Chair of the Ministers of Defense, 2016; installation view, Hammer Projects: Kevin Beasley, 2017. Courtesy of the Hammer Museum, Los Angeles. Photo: Brian Forrest. Chair of the Ministers of Defense, 2016; installation view, Hammer Projects: Kevin Beasley, 2017. Courtesy of the Hammer Museum, Los Angeles. Photo: Brian Forrest.

Chair of the Ministers of Defense, 2016; installation view, Hammer Projects: Kevin Beasley, 2017. Courtesy of the Hammer Museum, Los Angeles. Photo: Brian Forrest.

A large black curtain impedes the entrance of Kevin Beasley’s installation at the Hammer Museum. Surveying the theatrics of the curtain’s placement, I was caught between fear and anticipation for what lay behind it. Inside, an empty wicker peacock chair is surrounded by dozens of hovering, colorful cast-resin ghosts. With a spotlight on the chair and an orange-hued window shrouded in cast-iron bars, the scene is imposing. The installation, Chair of the Ministers of Defense (2016), is a staging of one of the Black Panther Party’s most iconic photographs taken in 1967. While the photo is not on view in the gallery, viewers who remember it will likely imagine Huey P. Newton sitting in this chair wearing the infamous tilted black beret and leather jacket and holding a spear and a shotgun in each hand. The installation’s wall text reveals another reference to a monument of divine authority, the Vatican’s gilded Throne of St. Peter (c. 1647–1653) by Bernini. The Panthers’ photo and the Throne of St. Peter are two distinct frames of reference for engaging with Beasley’s work, both evoking strong connotations of power. It was the Panthers’ connection that immediately registered for me.  

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Fan Mail

Fan Mail: Brian Cooper

There is something quite sordid about Brian Cooper’s sculptural installations. The tufted forms in sickly mustard yellows and dark browns seem to ooze over walls, drip down plinths, and pool on aging carpets. As heavy, spreading masses and playful renditions on the theme of corporeality, they are like tactile manifestations of the slow, creeping wave of nausea that comes when one has overstayed an afterparty. However, the installations are not so much commentaries on decadence as they are explorations of pleasure in baseness, visceral depictions of decadent sensation—that ambivalent state between enjoying excess and feeling its negative effects.

Brian Cooper. Meltdown, 2003; wood, upholstery, wall paper, synthetic stuffing, staples, zip ties, chicken wire, covered buttons; 20 x 14 x 14 feet. Courtesy of the Artist.

Brian Cooper. Meltdown, 2003 (front view); wood, upholstery, wall paper, synthetic stuffing, staples, zip ties, chicken wire, covered buttons; 20 x 14 x 14 ft. Courtesy of the Artist.

What’s so enjoyable about Cooper’s upholstered creations is that they are strangely gratifying while being vaguely repulsive. A viewer may experience a desire to lie upon the bulbous mass of Meltdown (2003) while very much wanting to avoid stepping in it. Julia Kristeva’s theory of the abject comes to mind here, in which a subject viscerally rejects that which threatens the sense of symbolic order. This can be manifested in a disgust generated by the presence of vomit or clumps of hair; the disgust itself reasserts the symbolic order between self and other, but the object of the disgust maintains the power of a disruptive force. Cooper’s installations, suggesting a disco-era debauchery, don’t quite reach this point, but they iterate an abjection more closely tied to a sense of consumerist degradation—and are perhaps more poignant for the millennial population.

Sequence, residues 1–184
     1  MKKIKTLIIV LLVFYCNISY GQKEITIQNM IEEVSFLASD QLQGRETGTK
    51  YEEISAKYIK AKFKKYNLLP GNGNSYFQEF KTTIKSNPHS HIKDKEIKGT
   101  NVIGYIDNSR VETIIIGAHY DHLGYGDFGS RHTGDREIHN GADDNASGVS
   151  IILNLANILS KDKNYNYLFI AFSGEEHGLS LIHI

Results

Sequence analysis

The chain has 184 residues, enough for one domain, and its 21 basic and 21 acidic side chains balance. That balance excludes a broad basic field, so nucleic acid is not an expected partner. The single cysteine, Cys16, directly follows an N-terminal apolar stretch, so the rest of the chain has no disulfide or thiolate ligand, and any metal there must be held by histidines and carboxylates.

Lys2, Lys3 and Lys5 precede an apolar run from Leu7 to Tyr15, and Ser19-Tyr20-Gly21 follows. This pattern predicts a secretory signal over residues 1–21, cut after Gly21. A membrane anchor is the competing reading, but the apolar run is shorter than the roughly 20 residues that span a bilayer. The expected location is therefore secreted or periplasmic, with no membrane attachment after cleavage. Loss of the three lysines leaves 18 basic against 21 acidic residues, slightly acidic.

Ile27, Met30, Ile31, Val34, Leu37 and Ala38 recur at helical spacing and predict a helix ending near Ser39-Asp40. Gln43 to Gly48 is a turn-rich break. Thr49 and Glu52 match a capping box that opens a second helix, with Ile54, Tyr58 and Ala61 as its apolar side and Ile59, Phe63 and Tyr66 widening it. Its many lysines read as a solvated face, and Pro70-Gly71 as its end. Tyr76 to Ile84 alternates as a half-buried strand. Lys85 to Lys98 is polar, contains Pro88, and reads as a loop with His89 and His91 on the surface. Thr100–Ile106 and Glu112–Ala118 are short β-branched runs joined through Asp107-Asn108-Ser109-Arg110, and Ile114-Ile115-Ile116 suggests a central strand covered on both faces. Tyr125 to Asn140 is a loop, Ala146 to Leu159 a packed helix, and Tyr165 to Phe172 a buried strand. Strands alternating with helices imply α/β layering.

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Mexico City

Xochiquetzal: Erotismo y Procreación at ArtSpace México

In Georges Bataille’s eroticism, there is little or no place to theorize about feminine transgression. The feminine is absent in his work. Women, for Bataille, occupy the place of God, a promise of connection with the universe. The only problem is that God is dead. Thus, Bataille’s eroticism only shows us a structure for masculine transgressive pleasure that instrumentalizes feminine bodies in order for masculine subjects to experience fleeting glimpses of spiritual continuity through their beloved objects of desire. Bataille’s eroticism is fraught with the irony of this crucial absence and lack. Rürrü Mipanochia’s recent exhibition, Xochiquetzal: Erotismo y Procreación, at ArtSpace México, exploits this lack in order to explore a transgressive feminine pleasure within the very specific cultural and historical context of contemporary Mexico.

Rürrü Mipanochia. Xolotl-pie hecho de bola and Muerte-Xolotl, 2016; acrylic, stylographs, and magic markers on paper; 88 x 75.5 cm and 76 x 120 cm. Courtesy of the artist and Artspace México. Photo: Jorge Gomez del Campo.

Rürrü Mipanochia. Xolotl-pie hecho de bola and Muerte-Xolotl, 2016; acrylic, stylographs, and magic markers on paper; 88 x 75.5 cm and 76 x 120 cm. Courtesy of the artist and Artspace México. Photo: Jorge Gomez del Campo.

The exterior of the gallery features a mural of hybridized animal and human figures in pornographic poses, alongside snakes, birds, and flowers. The partially clothed figures suggest contemporary girly fashions, as well as iconography from pre-Hispanic, Mesoamerican cultures. Mipanochia furthers this jarring mash-up by using bright neon colors and simplified geometric shapes, which together create a playful and irreverent effect. The work actively plays with transgressions of every sort, conflating old and new, human and animal, man and woman, divine and profane.